A’s prospect leaving baseball for priesthood

Rob Fai isn’t surprised that Oakland A’s prospect Grant

Desme is ending his baseball career to enter the priesthood.

The timing? To him, that’s the shocking thing.

Desme is leaving the game at a time when his fortunes seemed

to be rising fast. He batted .288 with 31 home runs and 89 RBIs in

131 games last year. Then he starred in the Arizona Fall League,

where some of the game’s top prospects compete. He likely

would have started this season at Class AA.

“Here’s a kid that’s on the brink,”

Fai said over the phone from Vancouver, B.C., where he works as the

assistant general manager for the Oakland affiliate there.

“This would probably be an easier decision for someone who

was maybe going through the motions in the minors.

“But if you know Grant, the spiritual side of his life

has always been a priority. I don’t know if there was a

tipping factor that made him wake up and say, ‘Today’s

the day.’”

Regardless, today is the day: As first reported by

FOXSports.com, the 23-year-old star prospect has informed the

A’s that he will retire and become a priest.

“I’m doing well in baseball,” Desme told

reporters on Friday, according to the San Francisco Chronicle.

“But I had to get down to the bottom of things, to what was

good in my life, what I wanted to do with my life. Baseball is a

good thing, but that felt selfish of me when I felt that God was

calling me more. … I love the game, but I’m going to aspire

to higher things.”

Fai and others said Friday that religion has been very

important to Desme for years. He began his professional career with

an injury-shortened stay in Vancouver in 2007, and Fai said,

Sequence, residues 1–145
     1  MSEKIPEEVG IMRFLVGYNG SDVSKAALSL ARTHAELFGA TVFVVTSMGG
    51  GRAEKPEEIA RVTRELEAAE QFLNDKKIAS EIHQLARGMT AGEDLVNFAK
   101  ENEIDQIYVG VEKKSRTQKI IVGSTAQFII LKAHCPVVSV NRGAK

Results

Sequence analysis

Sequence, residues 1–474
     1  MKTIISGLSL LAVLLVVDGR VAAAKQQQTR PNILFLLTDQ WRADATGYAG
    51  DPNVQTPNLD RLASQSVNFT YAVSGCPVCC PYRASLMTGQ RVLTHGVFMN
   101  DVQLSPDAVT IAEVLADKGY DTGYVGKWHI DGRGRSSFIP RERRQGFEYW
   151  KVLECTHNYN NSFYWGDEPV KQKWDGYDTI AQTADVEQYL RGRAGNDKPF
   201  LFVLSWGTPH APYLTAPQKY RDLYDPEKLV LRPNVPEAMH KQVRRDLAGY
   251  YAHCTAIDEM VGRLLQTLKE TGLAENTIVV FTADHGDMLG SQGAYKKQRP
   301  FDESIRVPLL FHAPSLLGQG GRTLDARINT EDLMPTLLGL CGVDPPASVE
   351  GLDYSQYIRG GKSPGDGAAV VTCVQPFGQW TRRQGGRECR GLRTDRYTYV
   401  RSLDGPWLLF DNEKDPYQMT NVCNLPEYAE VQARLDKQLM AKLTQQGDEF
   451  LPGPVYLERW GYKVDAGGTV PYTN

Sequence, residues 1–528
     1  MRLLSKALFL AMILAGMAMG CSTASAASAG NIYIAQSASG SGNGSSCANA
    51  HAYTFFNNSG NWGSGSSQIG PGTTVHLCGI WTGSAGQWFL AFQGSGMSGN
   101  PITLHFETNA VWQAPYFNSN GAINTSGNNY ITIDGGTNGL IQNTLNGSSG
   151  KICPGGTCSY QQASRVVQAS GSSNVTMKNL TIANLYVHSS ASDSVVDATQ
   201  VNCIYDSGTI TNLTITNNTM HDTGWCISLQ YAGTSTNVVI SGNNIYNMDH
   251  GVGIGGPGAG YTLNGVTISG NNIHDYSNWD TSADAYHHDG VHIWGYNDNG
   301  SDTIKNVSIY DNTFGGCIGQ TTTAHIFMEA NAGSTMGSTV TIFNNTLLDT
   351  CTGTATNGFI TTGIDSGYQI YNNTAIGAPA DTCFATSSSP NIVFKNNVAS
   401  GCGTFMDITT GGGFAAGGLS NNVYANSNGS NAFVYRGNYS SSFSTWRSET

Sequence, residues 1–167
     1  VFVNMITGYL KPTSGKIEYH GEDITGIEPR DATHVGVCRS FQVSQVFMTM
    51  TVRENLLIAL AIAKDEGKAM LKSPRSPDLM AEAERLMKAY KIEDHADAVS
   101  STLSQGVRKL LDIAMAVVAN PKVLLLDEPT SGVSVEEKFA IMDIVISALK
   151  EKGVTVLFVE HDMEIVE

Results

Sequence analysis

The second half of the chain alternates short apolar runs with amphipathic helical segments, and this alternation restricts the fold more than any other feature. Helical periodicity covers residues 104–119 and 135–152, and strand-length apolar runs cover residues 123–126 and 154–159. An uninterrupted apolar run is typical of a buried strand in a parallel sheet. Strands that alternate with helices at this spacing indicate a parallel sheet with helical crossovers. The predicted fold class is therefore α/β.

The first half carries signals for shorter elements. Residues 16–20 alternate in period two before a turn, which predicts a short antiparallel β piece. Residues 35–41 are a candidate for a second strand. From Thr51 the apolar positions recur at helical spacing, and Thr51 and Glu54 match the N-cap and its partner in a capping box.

“You could see back then that he was extraordinarily polite

and articulate about his religion. You knew it was a big part of

his life, and that he would like to be a pastor.”

“There was a spiritual side to him, but he never forced

it on you,” Fai continued. “He wouldn’t miss a

baseball chapel. I don’t think he had a timeline for

(becoming a priest), but it’s something he wanted to


Desme, a Bakersfield, Calif., native, was the 2007 Big West

Player of the Year at Cal Poly San Luis Obispo. Baseball America

ranked him as the organization’s No. 8 prospect after last


Fai broadcasts games for the Class A Canadians in addition to

his administrative duties. Desme hit one home run in his 12-game

tenure with the team, but Fai remembers it as “probably the

longest home run in franchise history.”

“All I hope is that, at the end of the day, he never

regrets (making the decision now),” Fai said. “So few

players get to the point where he’s at. In my perspective,

the guy could be a priest when he’s 35 or 60. …

Here’s a guy who’s so unbelievably close to making it.

The timing is the one factor I can’t figure out.”

Fai wondered if current events — the earthquake in

Haiti, perhaps? — compelled Desme to make the decision now,

reasoning that “wearing a different uniform” would

enable him to address more pressing issues in the world. If that is

indeed one of the reasons, it would fit with Desme’s

thoughtful nature.

“He might have been the quietest high-end draft pick

I’ve ever seen,” Fai said. “He is probably the

one guy I’d let my daughter date.”

Fai laughed, not realizing the irony in his remark until

after he said it. Desme may never play in the major leagues, but he

certainly knows what it feels like to get The Call.